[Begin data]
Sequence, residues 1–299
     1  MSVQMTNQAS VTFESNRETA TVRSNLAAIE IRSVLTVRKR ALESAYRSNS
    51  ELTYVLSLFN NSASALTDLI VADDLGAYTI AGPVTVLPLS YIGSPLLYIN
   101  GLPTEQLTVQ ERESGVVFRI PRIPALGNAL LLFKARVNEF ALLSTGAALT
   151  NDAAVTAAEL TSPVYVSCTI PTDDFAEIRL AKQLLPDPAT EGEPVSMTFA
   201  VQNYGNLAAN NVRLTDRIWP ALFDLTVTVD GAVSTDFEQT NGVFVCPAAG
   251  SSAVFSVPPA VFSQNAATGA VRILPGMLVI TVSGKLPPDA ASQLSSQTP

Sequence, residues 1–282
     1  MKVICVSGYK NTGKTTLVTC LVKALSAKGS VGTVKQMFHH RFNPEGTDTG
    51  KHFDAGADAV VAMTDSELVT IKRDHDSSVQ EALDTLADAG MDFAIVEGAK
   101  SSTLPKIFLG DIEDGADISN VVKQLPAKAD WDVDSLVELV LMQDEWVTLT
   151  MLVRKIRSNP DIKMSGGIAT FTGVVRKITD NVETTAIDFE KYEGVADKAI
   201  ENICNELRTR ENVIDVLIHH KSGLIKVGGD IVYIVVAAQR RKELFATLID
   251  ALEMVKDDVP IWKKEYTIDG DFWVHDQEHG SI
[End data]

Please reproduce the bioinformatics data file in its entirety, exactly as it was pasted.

Sequence, residues 1–299
     1  MSVQMTNQAS VTFESNRETA TVRSNLAAIE IRSVLTVRKR ALESAYRSNS
    51  ELTYVLSLFN NSASALTDLI VADDLGAYTI AGPVTVLPLS YIGSPLLYIN
   101  GLPTEQLTVQ ERESGVVFRI PRIPALGNAL LLFKARVNEF ALLSTGAALT
   151  NDAAVTAAEL TSPVYVSCTI PTDDFAEIRL AKQLLPDPAT EGEPVSMTFA
   201  VQNYGNLAAN NVRLTDRIWP ALFDLTVTVD GAVSTDFEQT NGVFVCPAAG
   251  SSAVFSVPPA VFSQNAATGA VRILPGMLVI TVSGKLPPDA ASQLSSQTP

Sequence, residues 1–282
     1  MKVICVSGYK NTGKTTLVTC LVKALSAKGS VGTVKQMFHH RFNPEGTDTG
    51  KHFDAGADAV VAMTDSELVT IKRDHDSSVQ EALDTLADAG MDFAIVEGAK
   101  SSTLPKIFLG DIEDGADISN VVKQLPAKAD WDVDSLVELV LMQDEWVTLT
   151  MLVRKIRSNP DIKMSGGIAT FTGVVRKITD NVETTAIDFE KYEGVADKAI
   201  ENICNELRTR ENVIDVLIHH KSGLIKVGGD IVYIVVAAQR RKELFATLID
   251  ALEMVKDDVP IWKKEYTIDG DFWVHDQEHG SI